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Expert believes that 4G network in North Korea will reinforce surveillance of its citizens

Expert believes that 4G network in North Korea will reinforce surveillance of its citizens

The expert in technology Martyn Williams assured that the future installation of a network 4G in North Korea can further strengthen the capacity of the regime Kim Jong-un to spy on its citizens.

Williams, one of the researchers of the 38North program of the American Stimson Institute, recalled today in an appearance at the Seoul Correspondents’ Club that the North Korean mobile telephone network still works with 3G technology and that it is not yet available. “lots of information about their (future) 4G network.”

Whether because in the future the regime will be able, for example, to remotely give instructions to security camera systems or establish communication systems with the telephones of the entire population, the expert considers that the adoption of wireless broadband technology fourth generation in the secretive Asian country promises to further compromise the privacy of a citizenry already subject to systematic espionage by the State.

“I believe that North Korea continues to operate a generation behind the rest of the world because it allows it to buy cheaper or second-hand network equipment, as foreign suppliers close or reduce their old networks to the benefit, in this case, of the 5G and all that equipment then hits the market,” explained Williams, co-author of the recent report “Digital surveillance in North Korea” for 38 North.

In this regard, he believes that the future 4G network will surely be established from equipment 100% imported and does not rule out that North Korea has assistance from a Chinese company to do so, something that could technically violate UN sanctions.

Williams, also founder of the specialized website northkoreatech.org, remembers that, in any case, “North Korea is importing a lot of things it shouldn’t,” and it does so in the face of the difficulty of controlling what China, the world’s largest factory and its main trading partner, transfers across the border they share.

The mobile phones and tablets that North Koreans use every day – and that can only connect to local networks and browse a regime-controlled intranet – are the best example of this, either because they have been manufactured in China and imported or even assembled in China. North Korea from components manufactured in China, as is believed to have happened since the pandemic.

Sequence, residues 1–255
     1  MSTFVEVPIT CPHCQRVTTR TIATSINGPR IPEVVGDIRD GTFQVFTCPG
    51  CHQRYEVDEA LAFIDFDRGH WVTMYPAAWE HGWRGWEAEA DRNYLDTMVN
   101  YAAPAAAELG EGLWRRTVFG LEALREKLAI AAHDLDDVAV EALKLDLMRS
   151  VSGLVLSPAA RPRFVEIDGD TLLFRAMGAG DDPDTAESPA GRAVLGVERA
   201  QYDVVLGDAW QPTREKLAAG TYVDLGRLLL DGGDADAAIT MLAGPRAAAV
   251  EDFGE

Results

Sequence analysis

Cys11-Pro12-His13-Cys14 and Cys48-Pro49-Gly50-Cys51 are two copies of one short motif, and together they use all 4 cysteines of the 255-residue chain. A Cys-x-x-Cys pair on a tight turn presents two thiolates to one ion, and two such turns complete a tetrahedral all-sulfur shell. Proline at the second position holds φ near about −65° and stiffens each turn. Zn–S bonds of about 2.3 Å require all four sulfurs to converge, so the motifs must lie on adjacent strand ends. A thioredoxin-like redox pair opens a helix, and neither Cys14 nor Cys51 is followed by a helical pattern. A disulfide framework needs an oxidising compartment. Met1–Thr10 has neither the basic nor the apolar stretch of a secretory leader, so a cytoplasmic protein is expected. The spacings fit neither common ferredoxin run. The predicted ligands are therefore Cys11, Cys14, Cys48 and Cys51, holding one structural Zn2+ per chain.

These devices, recalls Williams, have “extraordinary security mechanisms” that prevent the user from using them to view unauthorized materials or files or that they even serve to spy on what they do with the terminal.

Although the expert has not been able to access devices launched after the start of the pandemic (the strict border closure applied since then by North Korea has made this impossible for the moment), North Korean phones in 2019 already had a prior authorization mechanism for play or view any file.

This mechanism prevents opening files that do not have the formats authorized by the regime and, in fact, automatically deletes them when detected.

Williams knows of North Koreans who managed to hack the devices to circumvent these locks, but he discovered that, in the last devices to which he could have access, the regime had already managed to disable all “back door” to cheat the system.

All phones and tablets in North Korea also have a built-in application that takes screenshots from time to time so that there is a record of what the user is doing with the terminal.

These photos are stored in an internal folder that the user cannot view or destroy, but which the authorities apparently can access to review. “inappropriate conduct”.

Those screenshots don’t leave the device, but that could change with the advent of 4G technology.

“We believe that the 3G network does not have enough capacity for all phones in the country to be automatically transmitting photos (to a state node). But the 4G network can change that, it can lead to more active surveillance of people’s phones when it arrives,” the expert assured.

Williams concluded that “The state’s confidence in encouraging people to use smartphones shows how confident they are that the system cannot be used on a large scale to do ‘bad things’.”

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Source: Gestion

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